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Courtesy of Sheep Genetics

Sheep Genetics implement annual analysis enhancements to ensure they continue to provide world-leading genetic evaluation services to clients. Sheep Genetics works alongside the Animal Genetics and Breeding Unit (AGBU) who are responsible for the research and development behind the enhancements to the Sheep Genetics evaluations.

In summary the enhancements implemented this year fall under 2 key themes:

  • There are more phenotypes and genotypes being used in the genetic evaluation than ever before, which enables new and updated ways for this data to be utilised.

  • The software used to develop indexes has undergone a major redevelopment to better model on-farm production systems and account for traits that will become important in breeding objectives in the future.

New Single Step Evaluation for Lambing Ease in LAMBPLAN for Terminals

Lambing ease (LE) is an important welfare and production efficiency trait. As such, lambing ease was introduced as an ASBV in 2007 and incorporated into Terminal indexes as part of the 2022 analysis enhancements.

Currently, LE is a tri-variate analysis, meaning the analysis takes into account lambing ease score, birth weight, and gestation length when calculating ASBVs for lambing ease.

The analysis up until June 2023 does not use genomic information when calculating lambing ease ASBVs.

There are also efficiencies which can be made to this analysis to produce more accurate ASBVs in a timely manner.

Addition of dead at birth (DAB) data in the analysis model for lambing ease

As part of this year’s enhancements dead at birth (DAB) information supplied by breeders will be included in the model (along with lambing ease score, birth weight, and gestation length) to calculate lambing ease ASBVs.

Using DABs as a correlated trait in the lambing ease analysis improves the accuracy of the analysis.

Expression of variation in lambing ease in pure-bred flocks is a challenge. In the data supplied by breeders there is more expression of DAB and this information will be used to inform the calculation of LE ASBVs.

Moving Lambing Ease to a Single-Step Genomic model

Lambing ease was one of the only analysis models that did not use genomic information.

As part of the updates to the lambing ease analysis, a single step analysis model will now be used.

Single step evaluations use both trait measurement, pedigree relationships and genomic information.

Updating the lambing ease analysis to a single step model, and therefore the inclusion of genomic information and improved data filtering, will ensure increased accuracy of lambing ease ASBVs.

As a result more animals will receive a Lambing Ease ASBV.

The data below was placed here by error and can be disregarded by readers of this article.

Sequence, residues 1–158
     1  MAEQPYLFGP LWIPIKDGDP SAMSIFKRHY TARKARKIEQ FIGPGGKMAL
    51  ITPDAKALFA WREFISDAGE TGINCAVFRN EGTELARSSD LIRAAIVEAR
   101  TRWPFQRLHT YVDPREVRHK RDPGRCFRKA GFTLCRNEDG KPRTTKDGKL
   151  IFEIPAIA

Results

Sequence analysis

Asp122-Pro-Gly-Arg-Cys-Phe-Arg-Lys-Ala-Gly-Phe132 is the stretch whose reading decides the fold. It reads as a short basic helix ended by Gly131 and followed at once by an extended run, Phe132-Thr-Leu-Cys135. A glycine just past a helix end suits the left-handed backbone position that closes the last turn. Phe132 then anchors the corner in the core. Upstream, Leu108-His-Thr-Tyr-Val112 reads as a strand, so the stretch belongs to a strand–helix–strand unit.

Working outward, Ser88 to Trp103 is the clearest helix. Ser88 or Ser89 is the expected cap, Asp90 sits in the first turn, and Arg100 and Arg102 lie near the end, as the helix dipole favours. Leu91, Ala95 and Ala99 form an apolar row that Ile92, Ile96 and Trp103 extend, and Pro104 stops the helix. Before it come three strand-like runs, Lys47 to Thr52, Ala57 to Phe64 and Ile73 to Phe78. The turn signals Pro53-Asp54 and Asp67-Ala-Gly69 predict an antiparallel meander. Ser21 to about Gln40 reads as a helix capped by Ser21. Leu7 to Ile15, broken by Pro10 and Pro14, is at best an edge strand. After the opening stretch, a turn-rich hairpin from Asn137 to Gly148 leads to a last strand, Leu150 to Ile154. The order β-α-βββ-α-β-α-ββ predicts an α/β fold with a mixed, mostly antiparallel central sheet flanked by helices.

What these enhancements mean for LE ASBVs:

The new model will result in increased in accuracy of lambing ease ASBVs.

There is a change in the genetic trend and the scale of the ASBVs. It will be important to look at the updated percentile bands from the analysis.

More animals will receive lambing ease ASBVs due to improved data filtering procedures.

Who is impacted?

Updating lambing ease to a single step model will mean more accurate ASBVs, as well as more animals receiving ASBVs for lambing ease.

There will be changes to the ASBVs and percentile ranking for Lambing Ease ASBVs.

Commercial measures of eating quality on Sheep Genetics animals

Sheep Genetics is working with breeders who are consigning SG animals to abattoirs, collecting commercial measures of eating quality. This applies to those who are processing animals that are in an SG evaluation and getting individual animal feedback for intra-muscular fat (from a probe or other device) and yield data (via DEXA). The intention is to investigate the relationship between these commercial measurements and the research measurements routinely taken in the MLA Resource Flock, to determine if commercial measures can be included in the genetic evaluation. If you have a consignment of animals that meets these requirements and are interested in being involved, please contact SG before the animals are consigned to ensure that all the necessary information is collected.

The below requirements are for breeders who are wanting to collect commercial carcase measurements;

  • Animals must have a Sheep Genetics ID and are in the Sheep Genetics evaluation (either excess animals from the stud or have pedigree information)

  • A pre-slaughter weight (4 hours fasted) on-farm prior to slaughter

  • Ideally pre-slaughter weight is to be recorded as soon as possible to the animals going onto the truck to slaughter, however, pre-slaughter measurements can be taken up to 7 days prior to slaughter

  • Date of pre-slaughter measurements

  • Management group of animals

  • Kill date and consignment number

  • Where possible, we recommend taking the following on farm pre-slaughter measurements also

  • Condition score

  • Fat and Muscle scan data